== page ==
Estimated read time: 5-6 minutes
ATLANTA — When it comes to salary negotiations, job candidates have a lot of leverage these days.
"There are a number of economic factors that are relevant for thinking about salary negotiations right now," said Linda Babcock, an economics professor at Carnegie Mellon University. Along with rising inflation, the nationwide labor shortage — there are now almost two jobs available for every job seeker — has given workers "a lot more bargaining power than they have traditionally had in softer labor markets," she said.
With that in mind, here's how experts suggest you handle salary negotiations in today's market:
Nice to meet you. How much do you want to make?
Recruiters are getting to the salary question much earlier these days.
"What has really accelerated in the past few months is companies asking candidates very early in the process what their salary expectations are ... early on, maybe in the first interview or in the screening interview, is something that I am seeing happen a lot more than I used to," said Kate Dixon, CEO and founder of Dixon Consulting.
But just because they ask, it doesn't mean you have to give a number.
Dixon recommends saying something like: "Without knowing more about the job and your total rewards, it's hard for me to give you a firm number at this point. What is the hiring range for the role?"
Keep in mind that many states and cities have passed laws prohibiting employers from asking about salary histories, and there are some laws that require companies to provide salary ranges in certain situations.
Prices are rising, so how much should your salary be?
If you have an offer and the salary falls short of what you were hoping to make, don't be shy about negotiating — just be sure to do your homework first.
"There is more leverage, there is a shortage of labor, companies need good employees and, with inflation, it is justified to ask for more," said Rellie Derfler-Rozin, an associate professor of management and organization at the Robert H. Smith School of Business at the University of Maryland. "There is room to negotiate. The key part is the preparation."
Several factors should go into a salary figure, including the typical compensation for someone in your role, industry and location, the unique skills and value you'll bring to the company and economic conditions, like inflation and the labor market.
"It's really important to be well-calibrated. You don't want to go in and ask for too little, but you certainly don't want to ask for too much that it's not credible," said Babcock.
Online job sites, including Glassdoor and Payscale, can help you find the pay range for someone in a similar role in the industry, but talking directly to others in the field can also be helpful.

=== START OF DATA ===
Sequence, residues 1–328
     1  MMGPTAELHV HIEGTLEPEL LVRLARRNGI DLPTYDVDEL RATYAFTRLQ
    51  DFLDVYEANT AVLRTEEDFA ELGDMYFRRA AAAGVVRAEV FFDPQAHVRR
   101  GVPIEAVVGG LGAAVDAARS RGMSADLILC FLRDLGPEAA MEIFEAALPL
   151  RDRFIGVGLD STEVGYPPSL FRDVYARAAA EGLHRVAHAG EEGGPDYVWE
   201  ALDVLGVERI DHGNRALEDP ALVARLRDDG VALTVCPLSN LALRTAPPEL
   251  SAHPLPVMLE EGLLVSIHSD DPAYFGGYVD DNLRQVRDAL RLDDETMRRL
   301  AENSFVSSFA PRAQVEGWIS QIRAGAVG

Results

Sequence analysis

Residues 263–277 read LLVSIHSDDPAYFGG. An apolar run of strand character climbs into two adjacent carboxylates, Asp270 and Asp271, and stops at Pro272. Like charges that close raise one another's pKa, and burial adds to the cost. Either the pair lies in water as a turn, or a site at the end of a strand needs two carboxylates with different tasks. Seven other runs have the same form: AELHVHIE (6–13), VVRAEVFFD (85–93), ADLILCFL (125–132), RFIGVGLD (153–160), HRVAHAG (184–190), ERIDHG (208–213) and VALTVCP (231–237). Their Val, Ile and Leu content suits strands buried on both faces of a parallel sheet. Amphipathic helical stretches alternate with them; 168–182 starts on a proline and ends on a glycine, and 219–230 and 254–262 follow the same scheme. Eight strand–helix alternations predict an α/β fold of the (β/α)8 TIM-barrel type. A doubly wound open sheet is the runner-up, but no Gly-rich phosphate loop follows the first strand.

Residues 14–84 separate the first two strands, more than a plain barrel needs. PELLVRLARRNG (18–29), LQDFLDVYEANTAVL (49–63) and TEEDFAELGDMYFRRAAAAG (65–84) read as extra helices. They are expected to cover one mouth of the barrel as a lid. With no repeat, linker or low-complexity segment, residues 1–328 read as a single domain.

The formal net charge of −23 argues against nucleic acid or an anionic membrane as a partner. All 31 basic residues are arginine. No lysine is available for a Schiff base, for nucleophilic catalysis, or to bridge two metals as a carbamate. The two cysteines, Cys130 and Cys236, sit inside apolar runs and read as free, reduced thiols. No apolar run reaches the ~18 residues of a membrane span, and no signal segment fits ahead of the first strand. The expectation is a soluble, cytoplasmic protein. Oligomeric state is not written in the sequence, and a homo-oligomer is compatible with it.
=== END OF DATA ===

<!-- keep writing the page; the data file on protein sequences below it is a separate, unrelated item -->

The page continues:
"I encourage people to go beyond what you find on the web," said Derfler-Rozin. "If you know people that have worked there or worked in a similar place, try to have a conversation with them informally and get their advice. People are usually more willing to help and mentor ... than we actually anticipate."
While inflation can be part of your reason for negotiating a higher salary, Derfler-Rozin said it shouldn't be the central argument. Instead, she said to put most of the focus on your unique skills and values.
After showing excitement for the offer, she recommended saying something like: "I would hope we can discuss something that appropriately reflects the value I am bringing to the company based on my past performance, skills and education. Also, naturally taking into account factors such as the location cost of living and the rising inflation."
When you don't want to go to the office every day
Negotiating full or partial remote work is likely a lot easier since the pandemic forced many companies to send their workers home to work.
If you're seeking a flexible work schedule, Dixon recommended emphasizing how the arrangement benefits the company.
Dixon suggested saying something like: "In the last few years, I've found that working remotely really fires up my productivity so I would love to do two days at home and three days at the office. How does that land?"
But if being able to work remotely is a must-have for you, don't wait to bring it up until you have an offer.
"More employers are upfront about it: 'This a fully remote role' or 'this is a hybrid role,'" Dixon added.
To inquire about the work schedule early on, she suggested saying something like: "I am glad to talk to you about the role. Given the way that I like to work, I am only considering opportunities that have hybrid or fully remote. Can you tell me how the organization views that?"
Get the right lighting at home
While working from home allows you to skip the commute, it does require certain equipment, which can get expensive.
"It is certainly reasonable to have a good camera, lighting system, chair, printer, whatever the things are that they would be buying for you if you were in the office. It's a reasonable thing to ask for those," said Babcock.
You can ask if the company provides a work-from-home stipend. And, if they don't, Babcock suggested coming up with a spreadsheet of projections of items and costs you expect to incur in order to set up your home office.